Last week President Trump generated much news-flow following his “you’re fired!” response to the Paris climate agreement. This over-shadowed a development that could have a more material impact on changes to the global energy system – a strong signal about priorities to Exxon from its institutional shareholders, in terms of a vote being overwhelmingly carried at a shareholder meeting that will require the oil and gas giant to publish analysis on the risks of climate change to its business.
As we have noted from time to time, the likes of super-giant fund manager Blackrock (who voted to change Exxon’s thinking on the issue) have immense power in terms of capital flows – and it is often “the money” that shapes things more than a political announcement.
That is arguably especially so in this case – where US emissions are low and getting lower due to cheap gas, the rapidly falling cost of renewables and more granular policy and business decisions in the likes of States like California and companies like Google. The only real consequence of the US leaving Paris is a diminishment of its global soft power – it will not change the energy mix in the country itself.
Crude prices fell in both Thursday and Friday’s trading, closing at US$49.95 in London and US$47.66 in New York. Overall they were down ~4% for the week – notwithstanding some good “numbers” from the weekly EIA’s inventory report (which we incorrectly reported on last week – the real numbers were a draw of 6.4 mmbbls of crude, 2.9 mmbbls of gasoline and an increase of 0.4 mmbbls of distillate).
That was the 8th week in a row of declining inventories – all up a bullish trend. What was not so bullish was the weekly rig numbers from BHI – an increase of 11 oil rigs and a decrease of 3 gas rigs.
Henry Hub was down ~9% for the week (driven by poor inventory numbers of its own) – closing at U$$3.00.
LNG and international gas
An ENI led LNG project off Mozambique reached FID last week – the first one globally in 2017 to our knowledge. This is a FLNG project and hence of smaller scale than a full blow multi-train onshore development that the country would no doubt prefer to see.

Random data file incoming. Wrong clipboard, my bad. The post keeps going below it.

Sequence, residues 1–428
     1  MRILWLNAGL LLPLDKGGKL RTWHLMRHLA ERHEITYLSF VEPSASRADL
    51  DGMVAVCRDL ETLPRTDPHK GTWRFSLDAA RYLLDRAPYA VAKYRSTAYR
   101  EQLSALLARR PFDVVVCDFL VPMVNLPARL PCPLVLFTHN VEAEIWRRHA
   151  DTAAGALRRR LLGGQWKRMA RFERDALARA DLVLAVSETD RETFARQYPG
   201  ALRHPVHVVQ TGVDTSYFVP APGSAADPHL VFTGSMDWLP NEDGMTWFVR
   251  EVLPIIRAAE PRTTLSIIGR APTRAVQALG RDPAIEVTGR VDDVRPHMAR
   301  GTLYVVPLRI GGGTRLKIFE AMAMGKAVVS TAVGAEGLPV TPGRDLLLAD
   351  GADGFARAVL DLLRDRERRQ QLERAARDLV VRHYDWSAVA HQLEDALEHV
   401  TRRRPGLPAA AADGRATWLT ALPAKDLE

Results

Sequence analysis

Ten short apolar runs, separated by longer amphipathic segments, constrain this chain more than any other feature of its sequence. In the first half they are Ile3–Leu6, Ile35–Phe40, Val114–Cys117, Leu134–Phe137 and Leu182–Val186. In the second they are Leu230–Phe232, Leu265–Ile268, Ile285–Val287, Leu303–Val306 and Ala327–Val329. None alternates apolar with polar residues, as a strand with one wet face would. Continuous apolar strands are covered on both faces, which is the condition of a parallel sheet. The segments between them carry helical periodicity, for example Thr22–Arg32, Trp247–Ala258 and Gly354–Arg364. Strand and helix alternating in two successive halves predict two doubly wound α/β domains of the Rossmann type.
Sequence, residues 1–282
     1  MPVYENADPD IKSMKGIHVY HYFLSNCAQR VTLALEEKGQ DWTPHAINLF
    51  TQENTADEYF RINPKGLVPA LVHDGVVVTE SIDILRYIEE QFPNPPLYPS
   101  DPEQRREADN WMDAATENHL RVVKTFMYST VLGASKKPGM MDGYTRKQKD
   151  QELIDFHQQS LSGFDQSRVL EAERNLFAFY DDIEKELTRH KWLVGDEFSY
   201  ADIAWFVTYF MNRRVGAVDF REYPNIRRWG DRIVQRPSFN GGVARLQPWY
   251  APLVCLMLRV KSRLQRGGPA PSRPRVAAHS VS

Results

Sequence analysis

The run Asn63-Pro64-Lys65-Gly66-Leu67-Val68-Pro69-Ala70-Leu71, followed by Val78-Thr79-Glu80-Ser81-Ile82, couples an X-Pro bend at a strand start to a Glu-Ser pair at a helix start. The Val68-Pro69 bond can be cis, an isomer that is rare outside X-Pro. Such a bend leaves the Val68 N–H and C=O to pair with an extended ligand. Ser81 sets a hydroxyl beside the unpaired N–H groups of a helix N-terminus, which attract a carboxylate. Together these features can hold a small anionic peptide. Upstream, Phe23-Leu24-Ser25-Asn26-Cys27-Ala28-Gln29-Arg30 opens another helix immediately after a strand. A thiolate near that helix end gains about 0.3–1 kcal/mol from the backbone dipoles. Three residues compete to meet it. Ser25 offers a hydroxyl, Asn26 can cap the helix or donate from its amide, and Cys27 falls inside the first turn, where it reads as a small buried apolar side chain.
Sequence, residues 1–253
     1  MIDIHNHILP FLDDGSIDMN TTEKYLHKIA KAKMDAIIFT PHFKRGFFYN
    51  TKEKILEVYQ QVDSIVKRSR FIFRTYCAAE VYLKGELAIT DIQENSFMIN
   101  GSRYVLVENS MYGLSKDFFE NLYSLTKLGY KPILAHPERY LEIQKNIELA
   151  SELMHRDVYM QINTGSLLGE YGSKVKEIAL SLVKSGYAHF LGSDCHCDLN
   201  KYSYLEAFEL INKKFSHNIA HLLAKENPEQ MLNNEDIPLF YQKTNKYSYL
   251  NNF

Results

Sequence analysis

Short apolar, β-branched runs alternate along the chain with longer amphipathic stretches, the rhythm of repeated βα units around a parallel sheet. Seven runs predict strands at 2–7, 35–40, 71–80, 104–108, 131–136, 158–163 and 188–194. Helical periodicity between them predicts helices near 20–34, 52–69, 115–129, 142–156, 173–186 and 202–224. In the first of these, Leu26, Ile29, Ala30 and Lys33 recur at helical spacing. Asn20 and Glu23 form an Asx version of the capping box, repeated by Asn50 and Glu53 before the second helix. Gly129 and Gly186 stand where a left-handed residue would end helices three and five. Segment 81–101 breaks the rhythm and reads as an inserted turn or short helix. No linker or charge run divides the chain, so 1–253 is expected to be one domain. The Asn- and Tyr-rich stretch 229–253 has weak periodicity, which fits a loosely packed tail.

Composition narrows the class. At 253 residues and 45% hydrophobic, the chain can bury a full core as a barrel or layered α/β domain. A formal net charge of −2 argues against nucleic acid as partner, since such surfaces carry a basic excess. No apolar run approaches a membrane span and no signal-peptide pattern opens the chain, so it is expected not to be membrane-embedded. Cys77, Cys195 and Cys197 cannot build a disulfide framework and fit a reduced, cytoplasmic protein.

However from our perspective, the most interesting item about this project is not that it is Africa’s first floating LNG development – but rather that the underwriting off-taker was BP rather than the traditional utilities. BP is obviously not a consumer, so is presumably highly confident that it can sell the contracted gas in short and long term LNG markets.
As Elon Musk is pulling out of a Trump advisory council following the President’s “Pittsburgh not Paris” decision, he is also copping some flack from a person who is not absolutely not The Donald’s friend, no sirree bob! – one Igor Sechin. The Putin pal and Rosneft boss has joined the chorus of Tesla short sellers in saying:
“The market’s assessment of the prospects of electric car producers, in our view, is significantly overestimated. The unconditional truth remains in the fact that the hydrocarbon power industry has been and will be in demand.”
Company news – Comet Ridge (COI)
Junior ASX listed explorer COI reported an unusual event for the E&P sector last week – an oversubscribed capital raising. COI has contingent resources of gas in Queensland that should be able to readily find a high priced market if/when developed. Investors can easily understand an East Coast gas investment story when they read about it on the front pages of the newspaper rather than in the dull business section.
Quote of the day
The pressures on US inventories appear to be strong according to the following recent quote from EIA analyst Mason Hamilton:
“Refinery runs are ridiculous. I posted a meme where it’s the line from Top Gun: ‘I feel the need – the need to run the refinery full out.’ “